The Beginner’s Weight Training Program

Everyone starts at the same place in the gym: the beginning. Deciding to start a weight lifting program is an exciting time when you’ve decided to take the next step into your health and fitness goals. Whether you just want to tone down and lose some weight or if your ultimate goal is to compete at bodybuilding competitions, the beginner’s weight lifting plan is always relatively similar.

Consistent strength training, which consists of at least two sessions weekly for at least 12 weeks, has many health and fitness benefits. If you’ve been struggling to see results by just changing your diet or by using cardio, strength training through weight lifting will help you get to where you want to be in your fitness journey. Typical results include increased muscle, tendon, and ligament strength, as well as a toned, muscled body (and don’t worry ladies, toned does not mean “masculine”).

Lifting Etiquette

  • Make sure to rerack any weights by placing dumbbells back on the rack and reracking the weights you use on barbells.
  • Check with your gym to see if you need to bring your own towel to wipe down equipment. Many bigger gyms provide disposable wipes or towels and spray. Whichever your gym does, make sure you’re wiping down the equipment you use.
  • If people are waiting to use a machine, think about sharing in between sets. Most people are happy to share and work with you.
  • Try to avoid talking on the phone in the gym. It’s distracting and can become pretty rude if you’re talking loudly or even talking on speaker.

General Rules of Thumb

  • Start with smaller weights to work on your form. You want to be using your muscles to perform the exercises, not momentum. Starting with low weights decreases risk of injury.
  • If you can perform 30 reps at a weight comfortably, it’s time to increase the weight. Increase the weight slowly and in small increments, about 5% at a time.
  • Use a controlled movement to work through your exercises. Your muscles activate and work harder on slow, controlled movements. Slower exercises are also gentler on your joints, which can strain with fast, sloppy work.
  • Find your ideal rest period between 30 and 90 seconds. Resting too long will take your muscles out of anaerobic work and not resting long enough will set you up for failure when your muscles are strained.
  • Stay hydrated. Bring a water bottle to your workouts and make sure to drink during exercise.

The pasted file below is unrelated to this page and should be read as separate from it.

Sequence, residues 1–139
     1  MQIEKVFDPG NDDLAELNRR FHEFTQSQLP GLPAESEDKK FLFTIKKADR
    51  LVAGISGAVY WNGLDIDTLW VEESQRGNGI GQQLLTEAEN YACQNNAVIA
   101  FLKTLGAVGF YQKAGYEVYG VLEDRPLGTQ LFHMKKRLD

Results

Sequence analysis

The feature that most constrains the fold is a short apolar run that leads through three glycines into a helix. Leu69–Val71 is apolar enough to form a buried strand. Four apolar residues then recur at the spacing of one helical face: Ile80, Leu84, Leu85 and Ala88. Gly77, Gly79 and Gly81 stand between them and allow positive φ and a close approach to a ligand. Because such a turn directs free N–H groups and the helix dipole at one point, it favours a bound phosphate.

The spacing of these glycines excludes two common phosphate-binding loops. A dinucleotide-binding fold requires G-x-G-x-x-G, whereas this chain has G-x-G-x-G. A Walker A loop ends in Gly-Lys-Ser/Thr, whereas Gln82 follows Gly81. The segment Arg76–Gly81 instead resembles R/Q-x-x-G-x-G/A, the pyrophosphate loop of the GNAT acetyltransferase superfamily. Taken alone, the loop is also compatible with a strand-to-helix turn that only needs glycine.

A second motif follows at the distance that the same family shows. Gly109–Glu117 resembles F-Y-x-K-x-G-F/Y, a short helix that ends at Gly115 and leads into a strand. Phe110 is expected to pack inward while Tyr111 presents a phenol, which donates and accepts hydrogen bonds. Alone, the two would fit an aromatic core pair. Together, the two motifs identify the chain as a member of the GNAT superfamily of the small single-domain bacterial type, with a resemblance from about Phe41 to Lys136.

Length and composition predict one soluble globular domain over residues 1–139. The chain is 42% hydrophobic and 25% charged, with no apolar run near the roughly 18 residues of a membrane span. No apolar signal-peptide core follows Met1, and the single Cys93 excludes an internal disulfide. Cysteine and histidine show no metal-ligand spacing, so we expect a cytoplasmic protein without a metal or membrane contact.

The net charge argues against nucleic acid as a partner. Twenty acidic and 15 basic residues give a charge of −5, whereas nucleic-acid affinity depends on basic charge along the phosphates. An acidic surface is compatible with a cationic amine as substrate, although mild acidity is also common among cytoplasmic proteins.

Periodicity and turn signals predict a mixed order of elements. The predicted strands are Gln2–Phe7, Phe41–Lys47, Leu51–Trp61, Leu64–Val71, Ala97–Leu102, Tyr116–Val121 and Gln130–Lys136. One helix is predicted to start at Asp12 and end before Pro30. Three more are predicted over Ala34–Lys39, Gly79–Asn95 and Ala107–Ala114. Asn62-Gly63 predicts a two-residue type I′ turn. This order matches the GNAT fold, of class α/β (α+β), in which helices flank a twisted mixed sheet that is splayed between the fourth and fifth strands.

• Eat something small before and after workouts. This can be as simple as a protein shake or you can make small meals of chicken and rice.
  • Perform cardio after your weight training or on different days. This ensures that your muscles will have enough energy to handle the weight training.

Before You Start

  • Start with machines over free weight work. Machines support your weaker areas and help to isolate your targeted muscle.
  • Perform a weight lifting routine at least twice a week with at least one day off in between. This allows your muscles time to recover while still reaping significant health benefits.
  • Start with one set of 8-12 reps to fatigue (using a weight that will tire the muscle significantly by the end of the set). Once comfortable with the form of that exercise, increase to two sets of 8-12 reps to fatigue with a 30-90 rest period in between.

Beginner’s Exercises

Combine these exercises to create a full-body weight lifting plan. Switch out exercises to keep things interesting. Repeat at least twice a week or more if you feel up to it!

  • Squats: Front, back, and box squats
  • Hip Hinge: Traditional, sumo, Romanian, and trap-bar deadlifts
  • Single Leg: Forward, reverse, and lateral lunges. Step ups. Single leg hip thrusts.
  • Pushing: Bench press, dumbbell press, military press, and pushups.
  • Pulling: Cable row, chest-supported rows, barbell rows, chin-ups, and pullups.
  • Carries: Farmer’s carry, suitcase carry, and cross body carry.
  • Core: Overhead lifts, split-stance exercises, planks, and rollouts.
Website | + posts

Leave a Reply